Supreme Court judge S Ravindra Bhat on Saturday expressed concern over every institution in the juvenile justice system working “below” its strength, saying such a large number of vacancies have a debilitating effect which could turn these bodies into “paper tigers” on matters of child protection.
The apex court judge, who heads the Supreme Court Committee on Juvenile Justice and Child Welfare, placed the issue “at the centre stage” during the inaugural session of its two-day national consultation and cautioned against “breakdown of the system” if the institutions become non-functional due to shortage of staff and officials.
The national consultation is being organised by the Committee on September 23 and 24 on best practices followed in states and to further strengthen the justice system for children in conflict with law.
The inaugural event was attended by Union Minister for Women and Child Development Smriti Irani, Supreme Court judge B V Nagarathna and other dignitaries including Cynthia McCaffrey, Representative of UNICEF India.
“Every institution – whether juvenile justice boards or child welfare committees or other such institutions – are running below their strength in the sense that most of them have a large number of vacancies.
“These vacancies are actually very debilitating and they paralyse the system. Without the full strength of the child welfare committee or the appropriate available quorum, the committees is unable to function,” said Justice Bhat in his keynote speech.
“Unless we establish and come out with a common protocol which makes it binding upon all the states, these institutions will become just paper tigers. They will be meaningless if you have to provide for the protection of children,” the apex court judge stated.
Justice Bhat said that the approach and initiative should be that a child delinquent can and should be reformed and therefore reformation must be the primary driver of all decisions taken for them.
The judge added that measures like “group counselling” and “community services” should be adopted within the judicial framework for juveniles, stating that institutions are the last resort that must be as far as possible.
He also said that due focus should be put on providing education to children in such institutions.
“Analysis revealed that in terms of the judgement passed on children in conflict with law, being dealt with a ‘fine’ emerged as the most prevalent followed by ‘sent home after advice or admonition’ .
“We need to encourage group counselling and community services as relevant within the judicial framework and in our judgements. In all cases, children released on probation are likely to be placed back with the family. While the child is in the institution even if the short-term efforts must be undertaken to facilitate education, counselling, sports and life skills education,” he stated.
Justice Bhat called for a “multi-stakeholder approach” to achieve the objectives set out under the Juvenile Justice Act and to realise the best interest of the child.
He also pressed for the identification of barriers to “equitable and timely justice for children” and to establish closer coordination among different stakeholders, improving the capabilities of stakeholders as well as implementing child-friendly procedures and adopting the “prevention approach”.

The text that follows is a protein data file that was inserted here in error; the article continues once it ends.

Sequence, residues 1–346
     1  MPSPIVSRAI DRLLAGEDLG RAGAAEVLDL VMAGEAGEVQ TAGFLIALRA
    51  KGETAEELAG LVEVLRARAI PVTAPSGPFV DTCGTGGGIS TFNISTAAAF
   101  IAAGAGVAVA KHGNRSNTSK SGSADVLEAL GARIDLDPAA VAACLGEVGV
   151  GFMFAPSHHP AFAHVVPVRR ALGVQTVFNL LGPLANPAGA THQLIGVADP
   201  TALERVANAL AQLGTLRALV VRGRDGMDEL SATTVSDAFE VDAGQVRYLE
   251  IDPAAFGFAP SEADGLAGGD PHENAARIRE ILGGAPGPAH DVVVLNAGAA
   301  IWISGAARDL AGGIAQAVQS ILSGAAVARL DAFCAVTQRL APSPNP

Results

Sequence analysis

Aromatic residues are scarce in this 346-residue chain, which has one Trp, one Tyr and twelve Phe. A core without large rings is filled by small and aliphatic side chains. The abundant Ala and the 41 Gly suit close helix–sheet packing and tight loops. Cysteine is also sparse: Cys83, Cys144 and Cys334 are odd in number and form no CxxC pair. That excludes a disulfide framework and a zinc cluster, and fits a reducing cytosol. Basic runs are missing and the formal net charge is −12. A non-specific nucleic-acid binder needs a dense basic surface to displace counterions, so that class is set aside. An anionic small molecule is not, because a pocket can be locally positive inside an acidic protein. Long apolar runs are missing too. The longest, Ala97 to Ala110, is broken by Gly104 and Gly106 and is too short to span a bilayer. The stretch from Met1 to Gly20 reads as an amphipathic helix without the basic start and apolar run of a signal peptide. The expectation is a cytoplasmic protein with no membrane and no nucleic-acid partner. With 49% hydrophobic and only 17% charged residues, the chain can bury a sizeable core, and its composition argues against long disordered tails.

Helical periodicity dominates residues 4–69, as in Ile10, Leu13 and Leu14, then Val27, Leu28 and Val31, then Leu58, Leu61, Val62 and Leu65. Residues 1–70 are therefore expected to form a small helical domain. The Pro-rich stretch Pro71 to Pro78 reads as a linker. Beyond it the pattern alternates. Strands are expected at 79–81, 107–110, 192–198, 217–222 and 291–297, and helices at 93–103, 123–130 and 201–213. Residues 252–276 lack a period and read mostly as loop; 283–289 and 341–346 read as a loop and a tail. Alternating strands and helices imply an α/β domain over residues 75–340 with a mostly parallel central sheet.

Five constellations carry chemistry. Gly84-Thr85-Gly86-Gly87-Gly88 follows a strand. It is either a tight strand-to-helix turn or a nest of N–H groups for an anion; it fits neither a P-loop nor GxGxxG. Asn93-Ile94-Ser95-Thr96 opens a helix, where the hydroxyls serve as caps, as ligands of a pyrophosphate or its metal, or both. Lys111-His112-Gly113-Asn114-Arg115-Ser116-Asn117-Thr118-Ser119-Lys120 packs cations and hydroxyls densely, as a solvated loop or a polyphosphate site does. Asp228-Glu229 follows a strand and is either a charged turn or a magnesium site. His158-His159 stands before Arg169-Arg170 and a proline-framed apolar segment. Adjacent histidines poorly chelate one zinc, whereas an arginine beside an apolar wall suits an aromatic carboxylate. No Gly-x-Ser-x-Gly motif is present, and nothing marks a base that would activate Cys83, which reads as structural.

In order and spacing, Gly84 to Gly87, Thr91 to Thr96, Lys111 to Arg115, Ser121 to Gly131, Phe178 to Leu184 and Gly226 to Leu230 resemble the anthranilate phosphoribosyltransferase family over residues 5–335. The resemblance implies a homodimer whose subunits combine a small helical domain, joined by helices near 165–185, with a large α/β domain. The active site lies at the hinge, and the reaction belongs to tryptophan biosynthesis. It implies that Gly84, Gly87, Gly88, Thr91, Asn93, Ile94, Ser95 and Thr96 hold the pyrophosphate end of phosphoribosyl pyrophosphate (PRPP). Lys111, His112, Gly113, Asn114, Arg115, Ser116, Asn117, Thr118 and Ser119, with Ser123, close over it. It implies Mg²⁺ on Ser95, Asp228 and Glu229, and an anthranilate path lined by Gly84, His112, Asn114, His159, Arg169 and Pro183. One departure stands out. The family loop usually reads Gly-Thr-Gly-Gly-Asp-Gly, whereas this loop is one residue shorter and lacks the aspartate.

“Due to their dependent status, children are most vulnerable when they come in contact with the justice system, either as children in conflict with the law or as a need of care and protection.
“A child who has come into conflict with the law is a child who has been in or continues to be in difficult circumstances. It is, therefore, imperative for us to prioritise a prevention approach,” Justice Bhat said.
“In transiting from being stakeholder to shareholders in the care and protection of all children, especially the most vulnerable, prevention of child offending must receive the utmost attention,” he added.
In his address, Justice Bhat also shared his concern with respect to a young person living in a care institution seizing to be a “child” at the age of 18 and said information about the assistance available to them must be widely disseminated.
“The world is uncertain for them (after turning 18), especially from the point of view of a child who has been in a care institution, who has seen no parent or parents. When he or she comes out, he’s in the void,” the judge said.
“I’m told that some financial assistance is given. I think it is our duty to ensure that whatever resources are available information about these are disseminated to them in the widest possible manner,” he stated.
The judge also underscored the important role of an “empowered family and community” as a “safety net” for children from abuse, neglect, exploitation, violence and harmful practices.
“We must as individuals, citizens and duty bearers, leverage knowledge, technology and social resources to identify vulnerabilities and mitigate them in our joint endeavour to prevent children from coming into conflict with law,” Justice Bhat said.
The Supreme Court has been conducting national stakeholder consultations annually, bringing partners from the Ministry of Women and Child Development and other relevant government sectors, the national and state commissions for the protection of children’s rights and others.
The aim is to bring momentum, attention, oversight and direction to priority areas related to the protection of children in the country, an official release has said.